Friday, February 04, 2011

Loose Feathers #276

Birds and birding news
  • The American Bird Conservancy estimates that building out wind power to 20% of the nation's electricity would kill about 1 million birds per year by 2030. The Department of Interior plans to release guidelines about the siting and operation of wind farms soon.
  • Most parrots favor one side of their body over the other – they prefer to use the right eye and right foot or the left eye and left foot. Some species favor the left foot almost exclusively.
  • A San Francisco area woman has turned her home into a private aviary to breed endangered tropical birds to reintroduction into the wild.
  • Scientists are tagging Red-breasted Geese to determine what factors are causing their decline. There are only about 40,000 of the geese left, making this the most endangered goose species.
  • Researchers are trying to determine why New Caledonian Crows display so much more intelligence than other species, and even other corvids. Observations of their behavior suggest that a toolmaking culture is passed down from adults to their offspring, who learn by watching adults.
  • A new study found that pigeons navigate via olfaction, primarily with their right nostril.
  • The former Ponderlodge golf course in Cape May (also known as Villas WMA or Cox Hall Creek WMA) will undergo habitat restoration. The buildings will be demolished, paved walkways will be removed, and the former fairways will be seeded with appropriate plantings. A focus will be on creating forest habitat for Red-shouldered Hawks and Barred Owls.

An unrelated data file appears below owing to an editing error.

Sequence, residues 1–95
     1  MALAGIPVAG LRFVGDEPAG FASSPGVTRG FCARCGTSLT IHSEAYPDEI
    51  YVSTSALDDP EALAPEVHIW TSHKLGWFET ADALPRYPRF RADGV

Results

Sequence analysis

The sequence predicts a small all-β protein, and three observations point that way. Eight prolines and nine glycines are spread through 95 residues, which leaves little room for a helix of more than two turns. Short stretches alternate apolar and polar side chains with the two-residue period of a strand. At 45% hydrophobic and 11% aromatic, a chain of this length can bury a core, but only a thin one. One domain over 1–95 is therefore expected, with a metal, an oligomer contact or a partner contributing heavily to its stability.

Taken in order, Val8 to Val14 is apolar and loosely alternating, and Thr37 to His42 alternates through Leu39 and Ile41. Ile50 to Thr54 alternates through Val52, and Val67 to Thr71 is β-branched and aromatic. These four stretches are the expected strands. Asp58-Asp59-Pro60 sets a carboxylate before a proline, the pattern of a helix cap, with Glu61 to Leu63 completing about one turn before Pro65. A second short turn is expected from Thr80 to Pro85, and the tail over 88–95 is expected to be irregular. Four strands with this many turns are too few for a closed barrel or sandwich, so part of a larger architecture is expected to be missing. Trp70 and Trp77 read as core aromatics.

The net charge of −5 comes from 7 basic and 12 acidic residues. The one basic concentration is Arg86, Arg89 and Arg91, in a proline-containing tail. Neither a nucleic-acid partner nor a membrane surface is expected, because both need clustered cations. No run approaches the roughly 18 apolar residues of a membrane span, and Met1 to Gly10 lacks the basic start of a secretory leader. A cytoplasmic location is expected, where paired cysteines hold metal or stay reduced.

• A harsh winter drove a lot of unusual birds into Britain's gardens just in time for the RSPB's Big Garden Birdwatch. This year's sightings included large flocks of Bohemian Waxwings, the largest invasion in several decades.
  • A Red-tailed Hawk that crashed into a window at Johns Hopkins University has recovered and will be released back into the wild soon. The collision broke the window but not any of the hawk's bones.
  • A rock formation in Denali National Park produced the fossil footprints of two previously undiscovered prehistoric bird species. Many of the other fossil tracks in the rock formations match bird species that have also been found farther south in Asia or North America, suggesting that there were migration patterns during the Cretaceous similar to those today.
Birds in the blogosphere
Oil spills
  • The administrator of BP's victim compensation fund for the Gulf oil spill believes that the Gulf will have recovered by 2012.
  • Scientists evaluating the Gulf's recovery are concerned about a lack of data to understand how marine populations are doing.
Environment and biodiversity
Blog carnivals